Output of pasting $token contents to https://jwt.io to verify Directory.Read.All role

If for some reason your $token does not show the Directory.Read.All permission, try rebooting your Azure Virtual Machine as it is possible a previous failed request for a bearer token was cached on your VM

Now, continue testing on your Azure VM by using this $token to make a call to Azure AD Graph API :

$output = (Invoke-WebRequest -Uri "https://graph.windows.net/myorganization/users?api-version=1.6" -Method GET -Headers @{Authorization="Bearer $token"}).content
$json = ConvertFrom-Json $output

Your $json.value output should be the successful response of your Azure AD Graph API call. Hope this helps someone!

Assigning via Azure CLI

You can also perform the same steps using Azure CLI and CURL if this is your preferred management environment. See below for Liam’s steps via Azure CLI

#1) Get accesstoken:
accessToken=$(az account get-access-token --resource=https://graph.windows.net --query accessToken --output tsv)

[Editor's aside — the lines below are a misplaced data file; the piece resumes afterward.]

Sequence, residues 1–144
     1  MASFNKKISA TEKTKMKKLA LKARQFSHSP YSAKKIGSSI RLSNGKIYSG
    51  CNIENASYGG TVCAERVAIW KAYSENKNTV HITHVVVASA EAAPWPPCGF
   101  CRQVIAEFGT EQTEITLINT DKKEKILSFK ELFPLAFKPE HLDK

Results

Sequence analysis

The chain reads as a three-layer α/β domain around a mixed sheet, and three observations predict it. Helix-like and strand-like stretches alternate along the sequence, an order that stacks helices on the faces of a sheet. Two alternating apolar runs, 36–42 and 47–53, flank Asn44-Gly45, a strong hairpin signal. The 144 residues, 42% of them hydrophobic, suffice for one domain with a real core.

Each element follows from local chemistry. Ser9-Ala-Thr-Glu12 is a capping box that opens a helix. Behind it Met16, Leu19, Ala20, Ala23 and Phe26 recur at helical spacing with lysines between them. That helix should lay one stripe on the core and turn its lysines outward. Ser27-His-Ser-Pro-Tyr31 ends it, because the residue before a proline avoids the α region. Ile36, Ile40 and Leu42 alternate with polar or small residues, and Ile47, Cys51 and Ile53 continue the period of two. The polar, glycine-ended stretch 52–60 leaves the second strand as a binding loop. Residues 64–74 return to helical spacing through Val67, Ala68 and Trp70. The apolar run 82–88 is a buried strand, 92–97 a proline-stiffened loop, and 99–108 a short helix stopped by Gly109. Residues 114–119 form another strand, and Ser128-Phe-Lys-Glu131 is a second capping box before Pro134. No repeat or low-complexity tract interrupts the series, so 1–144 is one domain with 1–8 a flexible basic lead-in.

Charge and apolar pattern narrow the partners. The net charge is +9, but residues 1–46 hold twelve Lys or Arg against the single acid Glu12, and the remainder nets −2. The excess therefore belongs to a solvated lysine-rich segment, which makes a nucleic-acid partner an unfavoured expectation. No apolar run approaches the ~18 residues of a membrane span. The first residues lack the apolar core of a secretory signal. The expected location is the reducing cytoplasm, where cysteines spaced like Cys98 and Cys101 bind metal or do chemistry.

#2) Define a variable for your tenantID

#3) Confirm access to graph.windows.net:
curl "https://graph.windows.net/$TenantID/users?api-version=1.6" -H "Authorization: Bearer $accessToken"

#4) Find your managed identity's object ID and assign to a variable (MSIObjectID)
az ad sp list --filter "startswith(displayName, 'MyUAI')" | grep objectId


#5) Find the service principal objectID (GraphObjectID) of the "Windows Azure Active Directory" principal in your directory,  also confirm the id of the Directory.Read.All oauth2Permission role is 5778995a-e1bf-45b8-affa-663a9f3f4d04 (DirectoryReadAll)